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Abit BP6 Coming Alive...

October 15th, 2020 at 11:50 PM by Kugee
Category: Tech/Repair

Abit BP6 motherboard with original capacitors

Here's a little something special that never had a chance to make it into Bigeye... the Abit BP6 is a dual Socket 370 motherboard released in 1999 specifically to exploit the SMP capabilities of Intel's Mendocino-based Celeron. It was never meant to be used in such a configuration, but as with the Celeron 300A being so easily overclockable to 450MHz (though my experience with that is not promising), it's just another little amazing secret of this core hidden by a lot of budget systems. You can get SMP Celerons loaded in most dual Slot 1 boards with Socket 370 adapters; this board is just specifically designed for the cheap hardware.

It's a very intriguing board for sure, and one that left a serious impact among hardware enthusiasts... but like many Abit boards from around this time, it has a major problem... this was the year the capacitor plague was set in motion, and Abit was early to adopt notoriously faulty electrolytic capacitors that failed prematurely. It just so happens that the one I got was listed on eBay pictured as working (for a much better price than normal, mind you), but arrived showing no sign of life. I never gave the seller any slack for this knowing Abit boards are pretty failure-prone. Should you decide to get one yourself, do be prepared for an inevitable failure with decent soldering equipment and skills.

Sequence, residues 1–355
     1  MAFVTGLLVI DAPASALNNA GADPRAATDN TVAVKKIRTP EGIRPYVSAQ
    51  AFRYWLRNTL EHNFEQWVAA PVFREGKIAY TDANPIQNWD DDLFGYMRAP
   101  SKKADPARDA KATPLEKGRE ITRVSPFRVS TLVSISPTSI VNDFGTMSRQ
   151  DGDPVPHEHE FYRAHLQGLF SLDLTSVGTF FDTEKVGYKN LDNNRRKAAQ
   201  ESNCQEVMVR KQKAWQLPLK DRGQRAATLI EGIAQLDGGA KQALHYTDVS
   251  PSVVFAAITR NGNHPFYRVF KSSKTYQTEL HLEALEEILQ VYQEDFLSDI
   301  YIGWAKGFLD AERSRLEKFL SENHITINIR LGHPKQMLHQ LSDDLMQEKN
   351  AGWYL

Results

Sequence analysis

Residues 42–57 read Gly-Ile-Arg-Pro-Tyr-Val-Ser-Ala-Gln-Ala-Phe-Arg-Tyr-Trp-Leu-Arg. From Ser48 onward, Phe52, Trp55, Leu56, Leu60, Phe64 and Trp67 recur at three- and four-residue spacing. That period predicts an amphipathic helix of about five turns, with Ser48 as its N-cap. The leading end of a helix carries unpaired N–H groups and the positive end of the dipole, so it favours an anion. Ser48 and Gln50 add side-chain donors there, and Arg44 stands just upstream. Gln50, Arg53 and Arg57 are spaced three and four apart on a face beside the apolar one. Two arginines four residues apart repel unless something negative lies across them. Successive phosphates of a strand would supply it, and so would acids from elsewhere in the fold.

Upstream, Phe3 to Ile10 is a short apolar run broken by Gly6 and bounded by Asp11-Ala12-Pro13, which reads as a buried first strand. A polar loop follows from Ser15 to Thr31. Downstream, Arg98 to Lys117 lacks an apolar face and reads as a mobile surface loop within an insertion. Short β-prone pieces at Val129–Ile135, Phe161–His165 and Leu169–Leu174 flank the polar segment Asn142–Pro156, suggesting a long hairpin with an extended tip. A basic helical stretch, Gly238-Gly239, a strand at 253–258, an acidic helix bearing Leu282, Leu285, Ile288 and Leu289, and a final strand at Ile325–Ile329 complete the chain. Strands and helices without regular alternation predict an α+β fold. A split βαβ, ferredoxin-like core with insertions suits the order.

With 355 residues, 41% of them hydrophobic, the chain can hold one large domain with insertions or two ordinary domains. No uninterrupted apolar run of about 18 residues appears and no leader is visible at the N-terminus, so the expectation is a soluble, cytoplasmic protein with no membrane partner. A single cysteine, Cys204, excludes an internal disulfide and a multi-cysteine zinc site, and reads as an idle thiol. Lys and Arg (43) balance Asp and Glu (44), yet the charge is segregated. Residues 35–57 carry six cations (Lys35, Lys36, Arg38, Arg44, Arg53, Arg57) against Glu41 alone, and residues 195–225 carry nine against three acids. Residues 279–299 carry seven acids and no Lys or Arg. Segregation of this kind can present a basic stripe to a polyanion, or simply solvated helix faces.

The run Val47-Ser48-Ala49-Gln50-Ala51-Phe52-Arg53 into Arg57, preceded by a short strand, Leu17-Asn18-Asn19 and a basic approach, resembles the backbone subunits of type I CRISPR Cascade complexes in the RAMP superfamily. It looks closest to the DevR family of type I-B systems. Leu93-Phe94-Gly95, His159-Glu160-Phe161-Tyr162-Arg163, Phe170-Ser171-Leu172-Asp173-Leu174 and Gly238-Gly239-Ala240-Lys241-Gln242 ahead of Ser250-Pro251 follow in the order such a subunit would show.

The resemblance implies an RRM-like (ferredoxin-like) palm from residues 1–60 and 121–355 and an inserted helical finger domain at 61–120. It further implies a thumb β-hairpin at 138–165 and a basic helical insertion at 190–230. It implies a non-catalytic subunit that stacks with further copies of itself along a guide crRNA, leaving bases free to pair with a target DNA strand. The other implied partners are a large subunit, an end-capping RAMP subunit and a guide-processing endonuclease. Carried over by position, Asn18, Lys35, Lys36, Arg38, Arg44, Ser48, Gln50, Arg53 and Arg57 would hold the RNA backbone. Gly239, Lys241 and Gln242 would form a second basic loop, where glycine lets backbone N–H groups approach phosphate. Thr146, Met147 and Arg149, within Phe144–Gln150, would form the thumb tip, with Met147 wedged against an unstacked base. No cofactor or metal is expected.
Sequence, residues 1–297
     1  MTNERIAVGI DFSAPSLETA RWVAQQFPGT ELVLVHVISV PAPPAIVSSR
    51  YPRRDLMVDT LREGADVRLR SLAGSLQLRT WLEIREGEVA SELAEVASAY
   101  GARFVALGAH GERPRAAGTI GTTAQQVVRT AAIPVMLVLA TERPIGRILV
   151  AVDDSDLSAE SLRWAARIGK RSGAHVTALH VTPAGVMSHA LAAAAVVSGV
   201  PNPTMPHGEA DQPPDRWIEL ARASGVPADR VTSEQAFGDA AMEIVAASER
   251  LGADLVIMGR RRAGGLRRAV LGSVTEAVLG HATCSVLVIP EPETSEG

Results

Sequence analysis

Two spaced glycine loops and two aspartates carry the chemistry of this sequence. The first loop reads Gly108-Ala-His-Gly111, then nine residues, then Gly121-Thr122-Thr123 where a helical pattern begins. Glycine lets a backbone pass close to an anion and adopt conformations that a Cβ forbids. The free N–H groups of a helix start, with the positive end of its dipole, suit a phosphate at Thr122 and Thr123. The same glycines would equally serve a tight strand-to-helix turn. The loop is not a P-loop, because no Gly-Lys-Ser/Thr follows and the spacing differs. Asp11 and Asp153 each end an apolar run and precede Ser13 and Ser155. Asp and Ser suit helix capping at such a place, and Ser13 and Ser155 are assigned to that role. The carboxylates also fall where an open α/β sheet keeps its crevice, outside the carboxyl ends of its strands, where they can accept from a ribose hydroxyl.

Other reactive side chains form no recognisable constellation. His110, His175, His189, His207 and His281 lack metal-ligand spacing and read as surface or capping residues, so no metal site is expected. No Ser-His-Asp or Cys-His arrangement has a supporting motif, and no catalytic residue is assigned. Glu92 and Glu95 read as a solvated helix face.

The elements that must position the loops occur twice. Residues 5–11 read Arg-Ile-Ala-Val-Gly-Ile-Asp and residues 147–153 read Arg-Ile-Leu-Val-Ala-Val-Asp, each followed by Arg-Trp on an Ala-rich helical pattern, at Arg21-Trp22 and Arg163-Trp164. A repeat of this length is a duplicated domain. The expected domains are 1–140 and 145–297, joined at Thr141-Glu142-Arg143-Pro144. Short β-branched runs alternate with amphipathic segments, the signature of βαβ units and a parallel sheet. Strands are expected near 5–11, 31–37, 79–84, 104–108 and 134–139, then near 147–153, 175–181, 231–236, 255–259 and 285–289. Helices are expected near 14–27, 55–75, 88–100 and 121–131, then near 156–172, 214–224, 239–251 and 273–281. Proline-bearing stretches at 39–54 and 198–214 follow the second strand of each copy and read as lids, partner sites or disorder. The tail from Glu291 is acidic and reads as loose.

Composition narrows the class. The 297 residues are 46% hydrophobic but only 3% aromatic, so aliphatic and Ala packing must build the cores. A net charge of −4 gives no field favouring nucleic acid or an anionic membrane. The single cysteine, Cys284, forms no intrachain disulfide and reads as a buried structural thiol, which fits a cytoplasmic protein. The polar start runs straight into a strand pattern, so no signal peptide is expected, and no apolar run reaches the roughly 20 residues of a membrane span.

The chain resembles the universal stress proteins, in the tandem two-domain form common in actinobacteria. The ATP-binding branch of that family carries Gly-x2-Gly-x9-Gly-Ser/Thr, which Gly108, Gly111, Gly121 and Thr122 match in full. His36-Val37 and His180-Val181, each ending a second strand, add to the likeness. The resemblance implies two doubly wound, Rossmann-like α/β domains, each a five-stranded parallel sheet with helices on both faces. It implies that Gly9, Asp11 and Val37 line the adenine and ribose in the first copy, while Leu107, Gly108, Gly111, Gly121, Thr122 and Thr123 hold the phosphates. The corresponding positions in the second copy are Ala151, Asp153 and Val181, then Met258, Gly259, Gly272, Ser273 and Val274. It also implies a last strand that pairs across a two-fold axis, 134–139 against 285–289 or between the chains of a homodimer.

Hakko FR-301 desoldering gun nozzle moving towards capacitor pin

Recapping motherboards isn't necessarily so hard if your hands are steady... when it comes to removing capacitors, my Hakko FR-301 desoldering gun can melt all the solder surrounding a pin and suck it away by pulling the trigger! There is a little issue here... at the factory, motherboard manufacturers do highly professional soldering jobs, using only as much solder as needed to have the capacitors make contact with the board. Unfortunately for me, this often makes it difficult to remove the capacitors with my tool, so I have to put a little extra solder on the pins in order to have the desoldering gun make contact with the rest of it. This may not be the most reliable option, but it works.

Soldering 1500uF capacitors on Abit BP6

Once that's out of the way, I take a cone-shaped soldering tip and use it to clear out excess solder from the holes where the capacitors were. After that, it's just a matter of putting the new caps in. A nice little thing about a lot of motherboards is that they clearly indicate how polarized capacitors should be installed; the stripe on a capacitor is to land on the solid side of the outline on the board. I don't have any painter's tape handy to hold the capacitors in place, but bending the leads out far enough is enough to keep them in place.

Abit BP6 POSTs with single 366MHz Celeron and 128MB of RAM, some new capacitors in place

Okay, replacing these capacitors was much more tedious than I would've liked it to be, given the difficulty I had in ensuring the solder would flow into the holes properly. In fact, I still don't have absolute certainty they make full contact all around, but given the 1500uF capacitors were in place, I figured I should check my work to see if it's any good... yep, Abit BP6 is back from the dead, all right! This is far from my first soldering job I've accomplished, as I have previously added DIP-24 sockets to many boards with Dallas RTCs. Still, I hold skepticism over whether it will fully handle two 533MHz Celerons or not, as it is my first recap, to say the least.

I still have to get the other capacitors in place, but may follow up on this later if that turns out to be a successful effort. Certainly, dual CPU workstations are not talked about all that much in the retro tech field since very few games even try to make use of SMP, but you might find SMP workstations to be a lot of fun if you load one up with Windows NT Workstation 4.0 and an old version of 3ds MAX. In the meantime, I'd like you to see this video from Scan Lines of him building his own dual Pentium III workstation!